South Dakota-based MarketBeat is one of the top venues for stock market news and data thanks to its website and successful newsletters.

MarketBeat’s roots lie in Paulson’s personal finance blog, which he launched while in college. He noted he was listening to a lot of financial podcasts at the time.

“I thought, well, I know how to write and I know how to make a website,” Paulson said.

The recession in 2008 and 2009 led Paulson to start to shift focuses from personal finance to writing about the world of stocks and investing, out of which MarketBeat was born.

“It was kind of a shift from writing educational content to writing about news,” Paulson said.

With MarketBeat (which was originally known as Analyst Ratings Network), Paulson created an email list and a daily newsletter that now boasts over 900,000 subscribers. The site aims to collect and disperse analyst recommendations and several varieties of important financial data (for example earnings announcements and dividend declarations), making them available through MarketBeat’s website and newsletters. Previously, the information MarketBeat gathers would have been scattered and fragmented across a constellation of other sites, limiting its usefulness.

MarketBeat has grown steadily over the years, but in part because his successful business grew naturally out of a hobby of online writing, Paulson was slow to self-identify as an entrepreneur.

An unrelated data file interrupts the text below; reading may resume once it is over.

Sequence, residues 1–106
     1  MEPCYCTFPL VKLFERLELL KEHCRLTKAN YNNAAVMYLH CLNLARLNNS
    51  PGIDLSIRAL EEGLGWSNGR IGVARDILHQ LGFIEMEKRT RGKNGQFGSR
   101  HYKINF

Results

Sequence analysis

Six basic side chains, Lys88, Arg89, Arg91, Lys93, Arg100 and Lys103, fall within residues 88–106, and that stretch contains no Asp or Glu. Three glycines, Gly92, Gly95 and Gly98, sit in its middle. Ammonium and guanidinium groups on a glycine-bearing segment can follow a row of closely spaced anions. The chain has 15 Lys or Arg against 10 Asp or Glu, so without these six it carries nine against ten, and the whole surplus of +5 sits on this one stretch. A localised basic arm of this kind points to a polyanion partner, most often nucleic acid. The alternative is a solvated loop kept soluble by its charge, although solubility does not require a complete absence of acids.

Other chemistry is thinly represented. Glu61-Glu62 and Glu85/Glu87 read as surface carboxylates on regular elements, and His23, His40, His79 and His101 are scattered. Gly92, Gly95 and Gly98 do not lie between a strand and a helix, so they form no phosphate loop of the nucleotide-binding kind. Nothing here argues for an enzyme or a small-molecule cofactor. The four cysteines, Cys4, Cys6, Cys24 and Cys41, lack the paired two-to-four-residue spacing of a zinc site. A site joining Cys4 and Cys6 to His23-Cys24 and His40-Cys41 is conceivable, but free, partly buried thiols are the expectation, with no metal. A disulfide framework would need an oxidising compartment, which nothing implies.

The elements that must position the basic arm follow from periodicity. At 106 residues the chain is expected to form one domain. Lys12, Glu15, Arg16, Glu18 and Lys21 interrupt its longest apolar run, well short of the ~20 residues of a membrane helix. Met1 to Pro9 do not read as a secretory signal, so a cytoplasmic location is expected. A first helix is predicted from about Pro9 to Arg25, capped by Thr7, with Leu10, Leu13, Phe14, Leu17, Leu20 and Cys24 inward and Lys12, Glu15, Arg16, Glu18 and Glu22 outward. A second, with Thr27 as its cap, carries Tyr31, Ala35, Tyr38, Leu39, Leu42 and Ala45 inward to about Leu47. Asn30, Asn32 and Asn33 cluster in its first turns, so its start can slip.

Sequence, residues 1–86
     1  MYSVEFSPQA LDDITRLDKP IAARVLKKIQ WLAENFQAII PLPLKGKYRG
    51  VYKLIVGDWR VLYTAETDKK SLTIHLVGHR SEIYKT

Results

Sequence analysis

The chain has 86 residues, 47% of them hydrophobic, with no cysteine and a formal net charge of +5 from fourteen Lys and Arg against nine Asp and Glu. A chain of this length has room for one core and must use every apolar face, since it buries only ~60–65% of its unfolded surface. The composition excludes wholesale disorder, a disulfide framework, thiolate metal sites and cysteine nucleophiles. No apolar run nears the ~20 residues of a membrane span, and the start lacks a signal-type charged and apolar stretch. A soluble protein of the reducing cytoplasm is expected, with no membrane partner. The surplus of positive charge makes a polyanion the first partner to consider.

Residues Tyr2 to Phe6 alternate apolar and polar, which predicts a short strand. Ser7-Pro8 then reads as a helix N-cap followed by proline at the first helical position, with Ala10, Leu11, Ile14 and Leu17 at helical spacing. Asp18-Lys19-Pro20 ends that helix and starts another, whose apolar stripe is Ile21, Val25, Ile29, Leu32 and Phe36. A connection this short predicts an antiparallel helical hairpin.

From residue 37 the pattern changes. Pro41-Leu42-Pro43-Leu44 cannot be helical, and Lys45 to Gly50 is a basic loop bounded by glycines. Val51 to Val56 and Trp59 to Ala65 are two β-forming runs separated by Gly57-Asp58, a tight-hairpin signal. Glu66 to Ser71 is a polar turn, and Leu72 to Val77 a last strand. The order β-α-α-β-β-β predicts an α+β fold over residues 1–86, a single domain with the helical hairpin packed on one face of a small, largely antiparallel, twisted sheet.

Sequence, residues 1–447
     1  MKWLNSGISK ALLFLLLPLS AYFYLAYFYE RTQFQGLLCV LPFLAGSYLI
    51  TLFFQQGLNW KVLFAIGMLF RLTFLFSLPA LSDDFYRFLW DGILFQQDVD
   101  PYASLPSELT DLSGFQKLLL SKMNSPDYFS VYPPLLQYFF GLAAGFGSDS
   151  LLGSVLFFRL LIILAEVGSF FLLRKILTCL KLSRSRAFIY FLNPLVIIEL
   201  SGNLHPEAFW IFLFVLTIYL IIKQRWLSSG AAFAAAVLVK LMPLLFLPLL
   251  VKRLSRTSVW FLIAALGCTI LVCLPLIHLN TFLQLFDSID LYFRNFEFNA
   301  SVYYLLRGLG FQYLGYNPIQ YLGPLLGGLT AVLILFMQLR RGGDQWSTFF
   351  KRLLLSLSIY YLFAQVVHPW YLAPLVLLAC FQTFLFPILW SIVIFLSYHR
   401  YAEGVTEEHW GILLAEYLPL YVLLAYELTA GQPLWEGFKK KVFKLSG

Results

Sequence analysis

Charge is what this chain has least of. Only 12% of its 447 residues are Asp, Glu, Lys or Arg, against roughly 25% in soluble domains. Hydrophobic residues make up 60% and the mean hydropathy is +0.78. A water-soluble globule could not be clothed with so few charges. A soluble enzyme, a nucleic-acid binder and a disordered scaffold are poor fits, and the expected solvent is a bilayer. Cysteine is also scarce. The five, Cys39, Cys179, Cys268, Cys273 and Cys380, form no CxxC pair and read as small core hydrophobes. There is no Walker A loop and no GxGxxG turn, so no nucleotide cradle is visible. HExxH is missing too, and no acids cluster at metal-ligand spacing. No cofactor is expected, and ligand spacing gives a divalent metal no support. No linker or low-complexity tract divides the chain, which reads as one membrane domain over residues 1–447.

“That’s a term that took a long time for me to own,” Paulson said. “It was a classic case of imposter syndrome.”

Paulson worked as a web developer at Factor 360 until MarketBeat grew to a degree that allowed him to quit his day job. The company now has six employees.

“When you’re getting started it’s a constant comparison game,” Paulson said.

MarketBeat sets itself apart from other finance newsletters through its efficiency and cost-effectiveness.

“I can acquire a financial newsletter sign-up cheaper than anyone else can,” Paulson said.

MarketBeat’s development has not been without surprises: It has ended up being primarily an advertising-based business rather than primarily a subscription-based one, a dynamic Paulson did not predict.

“That was a big shift,” Paulson said. The reason for it was the value of MarketBeat’s audience to advertisers—the site allows advertisers to reach a demographic of people interested in stocks and finance directly.

Future ambitions for MarketBeat include launching another financial brand aimed at a younger audience, including an easy-to-read, mobile-friendly newsletter.

For more information on MarketBeat, visit 1 Million Cups Fargo takes place each Wednesday from 9:15 to 10:15 a.m. at The Stage at Island Park.

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Austin Gerth